Am I wrong to want to read this?


When I read James Frey’s A Million Little Pieces I did so before the whole flap about the “truthiness” of it and Oprah’s spectacular, although somewhat self-serving, smack down of Frey in January 2006. As I watched the two-part interview that Oprah just did with Frey as she wraps up the 25th and final season of her show, there was a bit of context that I really wished that she had explored. I remember when I watched the famous smack down, I wasn’t all that concerned with Frey’s transgressions. All I could think at the time was how much I wish that Oprah or someone, anyone, in the media, had held the Bush Administration under the same bright lights of truth. By January 2006 even fair-minded Bush supporters realized that he and his henchman had lied, lied, lied to the American people and the world about Iraq. Yet those who sent thousands to die in a war against the wrong enemy get off scott free, while poor James Frey has to take an on-air beating. Don’t get me wrong, he deserved the verbal beating but the lying administration deserved worse. It is kind of like all of the malfeasance wrought by Wall Street over the dedcades and yet Martha Stewart is the one to go to prison. How about the entire leadership at Goldman Sachs. Why don’t they get a smack down?

But I digress.

Frey has a new book out that imagines Jesus coming back to earth. I like the premise and I like the creative (and provactive) book design.

I think I might actually buy it.

7 thoughts on “Am I wrong to want to read this?

  1. winstonsdad May 19, 2011 / 3:25 pm

    I m bit interested in this Thomas was discussed on uk tv last week and read extracts ,sounds like an interesting take on a old story ,all the best stu


  2. Karen K. May 19, 2011 / 4:23 pm

    I am really turned off by James Frey, especially since I read this article in The New Yorker about his development company, Full Fathom Five. He basically has set up a script/book factory with unpublished young writers, with horrible contracts. He's a real piece of work.

    Here's the link if you're interested:


  3. Ash May 20, 2011 / 1:14 am

    I was interested by this book too but his name just makes cringe. I totally agree with everything you said about context though, there are worse things in the world than what he did.


  4. reviewsbylola May 20, 2011 / 11:05 am

    I had no idea Frey had a new book coming out. The premise certainly sounds interesting and, I admit, I appreciate Frey's chutzpah, so I will probably pick it up.


  5. Thomas at My Porch May 20, 2011 / 11:46 am

    Stu: Given the author's in your face attitude, I am guessing this work won't be too precious as it might be in the hands of someone with a more reverence.

    Karen: I don't really like Frey as a person, but I don't have trouble with his writing factory. Any writer who wants to write books that are engineered purely to sell has already sold their soul. I mean FFF makes a point of selling shite that the masses will love. Anyone who knows that and hopes to cash in should understand that this is not a world where literary ideals and the ideals of the literary establishement are honored. Plus, all I could think of when I read the article was about the MFA students who were going into crazy debt to learn how to become writers–a field that only really pays off if you sell out or are a sheer genius. And most sheer geniuses didn't get MFAs. I know that might earn me some enemies among MFAs, but with every step into higher education we all need to come to terms with how much money we spend on our education and what our chances are of making money in a career based on that Masters or PhD. And I am not saying that people shouldn't pursue non-lucrative degrees, but they should be realistic about why they are doing it and the potential economic reality of that choice.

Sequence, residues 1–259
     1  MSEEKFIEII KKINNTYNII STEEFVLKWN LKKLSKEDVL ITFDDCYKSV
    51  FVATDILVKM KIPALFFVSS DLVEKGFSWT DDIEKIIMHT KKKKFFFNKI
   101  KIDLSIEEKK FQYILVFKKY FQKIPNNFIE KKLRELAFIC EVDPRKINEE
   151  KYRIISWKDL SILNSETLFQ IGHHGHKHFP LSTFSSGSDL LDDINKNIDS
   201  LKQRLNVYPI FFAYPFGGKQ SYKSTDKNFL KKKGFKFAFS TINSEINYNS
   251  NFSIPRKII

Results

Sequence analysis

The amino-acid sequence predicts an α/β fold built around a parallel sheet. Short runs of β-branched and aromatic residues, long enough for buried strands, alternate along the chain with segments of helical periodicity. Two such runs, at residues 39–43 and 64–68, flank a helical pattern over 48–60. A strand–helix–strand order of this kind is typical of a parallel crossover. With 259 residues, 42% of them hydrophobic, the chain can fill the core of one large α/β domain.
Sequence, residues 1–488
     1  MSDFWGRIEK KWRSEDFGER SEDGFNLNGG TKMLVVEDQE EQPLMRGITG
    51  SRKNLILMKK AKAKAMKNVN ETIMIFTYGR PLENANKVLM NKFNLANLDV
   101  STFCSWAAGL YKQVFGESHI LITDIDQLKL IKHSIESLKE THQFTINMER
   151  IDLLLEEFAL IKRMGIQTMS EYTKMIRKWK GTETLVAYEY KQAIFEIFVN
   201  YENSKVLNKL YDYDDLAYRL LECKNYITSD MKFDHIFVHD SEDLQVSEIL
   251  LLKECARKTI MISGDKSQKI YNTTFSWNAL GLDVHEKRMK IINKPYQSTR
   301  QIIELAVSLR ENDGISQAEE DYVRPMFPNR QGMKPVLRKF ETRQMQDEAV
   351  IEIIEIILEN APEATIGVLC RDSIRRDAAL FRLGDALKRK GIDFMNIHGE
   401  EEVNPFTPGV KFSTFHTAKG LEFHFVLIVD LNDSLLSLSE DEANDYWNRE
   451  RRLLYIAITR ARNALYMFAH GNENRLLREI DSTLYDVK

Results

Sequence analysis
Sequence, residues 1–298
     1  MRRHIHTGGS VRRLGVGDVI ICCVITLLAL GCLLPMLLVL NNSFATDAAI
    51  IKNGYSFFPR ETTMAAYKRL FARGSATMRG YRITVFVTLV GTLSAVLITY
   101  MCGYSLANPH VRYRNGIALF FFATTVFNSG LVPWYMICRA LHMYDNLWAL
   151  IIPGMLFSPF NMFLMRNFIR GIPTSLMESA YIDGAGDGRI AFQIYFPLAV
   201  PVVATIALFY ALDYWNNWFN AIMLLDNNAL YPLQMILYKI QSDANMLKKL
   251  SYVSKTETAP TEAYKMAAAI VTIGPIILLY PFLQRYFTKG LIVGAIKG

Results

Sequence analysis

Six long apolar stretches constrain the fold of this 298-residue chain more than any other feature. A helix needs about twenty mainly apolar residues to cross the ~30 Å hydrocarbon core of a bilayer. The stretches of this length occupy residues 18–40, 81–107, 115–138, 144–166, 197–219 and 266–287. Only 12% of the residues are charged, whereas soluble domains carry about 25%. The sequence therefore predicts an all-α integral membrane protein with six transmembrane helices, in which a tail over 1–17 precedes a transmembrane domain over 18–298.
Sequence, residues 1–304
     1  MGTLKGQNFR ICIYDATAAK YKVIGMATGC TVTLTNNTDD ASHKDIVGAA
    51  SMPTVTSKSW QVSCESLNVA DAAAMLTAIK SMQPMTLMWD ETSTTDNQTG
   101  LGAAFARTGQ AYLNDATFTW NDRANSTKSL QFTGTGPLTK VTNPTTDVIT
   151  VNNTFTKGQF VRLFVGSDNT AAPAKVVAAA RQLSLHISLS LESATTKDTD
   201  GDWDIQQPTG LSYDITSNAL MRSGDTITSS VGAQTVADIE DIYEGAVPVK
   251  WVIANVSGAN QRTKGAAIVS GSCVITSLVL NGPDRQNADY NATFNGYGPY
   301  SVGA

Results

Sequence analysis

Ash: His ego and attitude are cringe-worthy. And his voice is grating.

    Lola: I am almost impressed with what an unabashed huckster he is.


  6. Alexandra May 20, 2011 / 11:50 am

    It was a major smack-down, that's why I'm surprised by the TWO part slot this time around. I would imagine he became persona non grata in that show.

    The design is definitely innovative, but I'll first hear the buzz before buying.


  7. C.B. James May 22, 2011 / 10:17 am

    I read Million Little Pieces, even recommended it to my book club, after having seen Oprah announce it as her choice. Yes, I used to watch Oprah.

    But I figured it was fake. I mean root canal surgery without anesthesia, come on. I've been skeptical of memoirs ever since we found out West with the Night was ghost written. (A wonderful book by the way.)

    I also saw his smack down appearance on the show and really felt it just made Oprah look bad. You're right. It's just not that serious a crime in the big scheme of things. She's given so many worse people a free pass. Why be so hard on Mr. Frey.

    That said. I won't be reading this one. I thought the actual writing in Million Little Pieces was precocious at best. Full of little trendy gimmicks designed to sell lots of books.

    If he's the future of literature, I have a small stack of Henry James novels I still haven't read yet.


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